Women with HIV have higher odds of cognitive impairment than men with HIV, according to a study published in the Journal of Acquired Immune Deficiency Syndromes.1 The study is the largest to date to evaluate sex differences in HIV-related cognitive dysfunction.
“[O]ur results show that cognitive findings from HIV-positive men cannot be uncritically generalized to HIV-positive women and that instead sex should be considered in studies of the pathogenesis, clinical presentation, and treatment of cognitive dysfunction in HIV,” wrote first author Pauline Maki, PhD, of the University of Illinois at Chicago College of Medicine, and colleagues with the Multicenter AIDS Cohort Study.
Cognitive impairment may develop in up to 50% of people living with HIV, and about 25% of people with HIV infection are women. Factors such as poverty, life stressors, trauma, and hormonal and/or biological differences in HIV pathogenesis and antiretroviral metabolism may put women with HIV infection at higher risk for cognitive impairment than men.
Yet most studies of HIV-related cognitive impairment have been conducted in men. The few that have included women have not made direct comparisons of sex differences in cognition.
To bridge this gap, researchers used data from the two longest running longitudinal studies of HIV progression in the US: the Women’s Interagency HIV Study (WIHS) and the Multicenter AIDS Cohort Study (MACS). Their study included 710 women (429 HIV positive) and 710 men (429 HIV positive), matched by HIV status, sex, age, education, and black race.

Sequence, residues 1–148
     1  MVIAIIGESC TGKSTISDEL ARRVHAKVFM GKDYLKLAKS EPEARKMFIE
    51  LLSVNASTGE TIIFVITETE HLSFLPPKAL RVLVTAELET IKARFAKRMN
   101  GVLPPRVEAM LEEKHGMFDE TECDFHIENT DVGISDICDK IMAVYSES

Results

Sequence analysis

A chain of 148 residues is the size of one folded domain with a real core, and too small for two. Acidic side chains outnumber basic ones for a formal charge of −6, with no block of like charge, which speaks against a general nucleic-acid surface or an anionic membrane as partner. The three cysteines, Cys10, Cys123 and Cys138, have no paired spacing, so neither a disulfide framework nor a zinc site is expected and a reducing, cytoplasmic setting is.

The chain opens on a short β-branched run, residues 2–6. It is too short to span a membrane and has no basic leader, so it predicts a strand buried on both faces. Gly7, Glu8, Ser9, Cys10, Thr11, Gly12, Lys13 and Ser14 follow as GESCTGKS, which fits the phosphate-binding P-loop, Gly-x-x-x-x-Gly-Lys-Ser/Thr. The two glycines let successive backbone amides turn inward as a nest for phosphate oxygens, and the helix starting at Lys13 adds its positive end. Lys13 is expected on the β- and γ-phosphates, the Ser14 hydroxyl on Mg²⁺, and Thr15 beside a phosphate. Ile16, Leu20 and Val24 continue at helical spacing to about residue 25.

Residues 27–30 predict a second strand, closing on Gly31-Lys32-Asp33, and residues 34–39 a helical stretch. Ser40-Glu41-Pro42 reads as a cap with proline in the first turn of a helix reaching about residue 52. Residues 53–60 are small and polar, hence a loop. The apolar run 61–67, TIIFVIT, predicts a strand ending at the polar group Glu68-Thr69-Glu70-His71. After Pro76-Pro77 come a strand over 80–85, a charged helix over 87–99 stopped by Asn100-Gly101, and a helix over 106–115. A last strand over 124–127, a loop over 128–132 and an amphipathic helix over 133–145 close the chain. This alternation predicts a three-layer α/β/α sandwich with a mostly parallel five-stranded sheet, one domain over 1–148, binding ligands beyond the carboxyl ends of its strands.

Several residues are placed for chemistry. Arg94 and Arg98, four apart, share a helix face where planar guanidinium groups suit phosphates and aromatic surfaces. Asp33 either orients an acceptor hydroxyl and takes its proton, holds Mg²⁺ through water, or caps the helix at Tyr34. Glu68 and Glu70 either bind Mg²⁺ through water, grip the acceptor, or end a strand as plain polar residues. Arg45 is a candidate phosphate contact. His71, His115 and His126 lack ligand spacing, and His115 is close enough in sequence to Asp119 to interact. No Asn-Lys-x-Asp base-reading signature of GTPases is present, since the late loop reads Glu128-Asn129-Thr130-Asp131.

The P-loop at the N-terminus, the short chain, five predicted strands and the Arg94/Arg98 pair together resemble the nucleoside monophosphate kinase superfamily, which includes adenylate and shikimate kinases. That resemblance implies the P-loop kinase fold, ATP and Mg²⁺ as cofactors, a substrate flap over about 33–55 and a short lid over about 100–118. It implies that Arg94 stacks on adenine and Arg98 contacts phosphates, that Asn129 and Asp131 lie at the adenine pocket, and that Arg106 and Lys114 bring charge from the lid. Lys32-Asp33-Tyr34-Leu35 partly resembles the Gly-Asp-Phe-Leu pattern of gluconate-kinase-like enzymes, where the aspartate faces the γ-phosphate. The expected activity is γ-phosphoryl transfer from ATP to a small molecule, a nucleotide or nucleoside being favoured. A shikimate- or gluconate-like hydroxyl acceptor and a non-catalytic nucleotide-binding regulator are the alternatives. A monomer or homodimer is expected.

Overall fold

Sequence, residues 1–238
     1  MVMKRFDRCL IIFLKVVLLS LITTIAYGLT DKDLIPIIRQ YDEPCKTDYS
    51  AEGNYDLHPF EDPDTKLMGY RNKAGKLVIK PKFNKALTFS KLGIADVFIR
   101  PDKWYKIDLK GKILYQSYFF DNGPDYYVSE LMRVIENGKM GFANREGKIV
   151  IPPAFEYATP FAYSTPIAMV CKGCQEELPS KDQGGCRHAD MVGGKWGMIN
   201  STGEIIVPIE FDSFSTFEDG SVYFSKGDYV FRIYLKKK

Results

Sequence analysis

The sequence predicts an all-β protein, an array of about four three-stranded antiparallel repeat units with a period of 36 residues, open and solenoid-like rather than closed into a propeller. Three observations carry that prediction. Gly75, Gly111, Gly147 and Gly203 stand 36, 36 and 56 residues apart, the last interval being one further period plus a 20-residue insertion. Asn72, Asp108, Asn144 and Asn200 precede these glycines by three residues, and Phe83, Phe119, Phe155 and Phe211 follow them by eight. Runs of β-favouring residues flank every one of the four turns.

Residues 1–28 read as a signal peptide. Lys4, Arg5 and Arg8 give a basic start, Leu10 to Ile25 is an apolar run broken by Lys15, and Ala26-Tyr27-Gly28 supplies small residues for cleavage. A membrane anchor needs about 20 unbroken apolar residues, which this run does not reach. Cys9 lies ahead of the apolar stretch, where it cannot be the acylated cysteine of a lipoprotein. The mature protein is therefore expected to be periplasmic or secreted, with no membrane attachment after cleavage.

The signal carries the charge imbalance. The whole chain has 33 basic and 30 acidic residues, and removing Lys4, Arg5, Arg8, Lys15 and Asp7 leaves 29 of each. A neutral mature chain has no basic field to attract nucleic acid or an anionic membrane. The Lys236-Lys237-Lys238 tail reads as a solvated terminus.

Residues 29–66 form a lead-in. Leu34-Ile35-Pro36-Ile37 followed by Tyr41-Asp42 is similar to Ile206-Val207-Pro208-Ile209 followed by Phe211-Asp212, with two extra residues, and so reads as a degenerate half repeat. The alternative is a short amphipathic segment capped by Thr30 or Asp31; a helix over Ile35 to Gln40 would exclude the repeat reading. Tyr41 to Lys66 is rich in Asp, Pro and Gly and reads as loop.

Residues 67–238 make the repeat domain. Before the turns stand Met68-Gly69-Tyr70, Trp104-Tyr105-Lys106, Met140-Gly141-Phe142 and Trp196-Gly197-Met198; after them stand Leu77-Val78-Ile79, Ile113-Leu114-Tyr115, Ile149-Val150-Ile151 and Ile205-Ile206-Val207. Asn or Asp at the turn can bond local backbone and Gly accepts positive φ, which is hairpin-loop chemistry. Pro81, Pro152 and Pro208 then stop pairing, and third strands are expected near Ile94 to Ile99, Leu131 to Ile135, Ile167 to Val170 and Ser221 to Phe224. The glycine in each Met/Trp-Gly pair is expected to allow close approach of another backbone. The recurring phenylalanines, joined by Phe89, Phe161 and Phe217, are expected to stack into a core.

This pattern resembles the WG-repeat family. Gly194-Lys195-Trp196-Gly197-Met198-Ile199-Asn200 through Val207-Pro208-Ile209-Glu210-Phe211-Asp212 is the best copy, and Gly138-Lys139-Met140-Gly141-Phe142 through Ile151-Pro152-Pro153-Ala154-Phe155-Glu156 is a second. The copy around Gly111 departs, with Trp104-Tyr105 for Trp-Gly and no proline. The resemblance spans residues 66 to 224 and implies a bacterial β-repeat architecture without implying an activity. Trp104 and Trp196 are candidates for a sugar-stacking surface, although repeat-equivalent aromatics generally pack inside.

Follow-up occurred for about 2.5 years, with an average of 2.6 cognitive assessments per participant. The analysis adjusted for age, alcohol/drug use, smoking, depression, income, and factors related to HIV.
• 2.5 higher odds for women vs men of scoring in the impaired range for attention (odds ratio [OR] = 2.54; P = .0006)
• 5 times higher odds for women vs men of scoring in the impaired range for psychomotor speed (OR = 5.12; P < .0001)
• Significantly lower scores for women vs men on attention (P < .0001), executive functioning (P = .01), cognition related to daily tasks (P = .02), and psychomotor speed (P < .0001 - .0002)
• No sex difference for HIV-negative participants
The WIHS and MACS trials are ongoing, with plans to evaluate biological differences and other factors that may affect cognition in HIV-positive women vs HIV-positive men, as well as sex differences in HIV-related cognitive impairment with advancing age.
While non-Hispanic blacks comprised 67% of participants, about 40% of individuals living with HIV in the US are non-Hispanic black, so the results may not generalize more broadly.
Please click below for the take-home points and reference.
1. Maki PM, Rubin LH, Springer G, et al. Differences in cognitive function between women and men with HIV. J Acquir Immune Defic Syndr. 2018 May 25. doi: 10.1097/QAI.0000000000001764.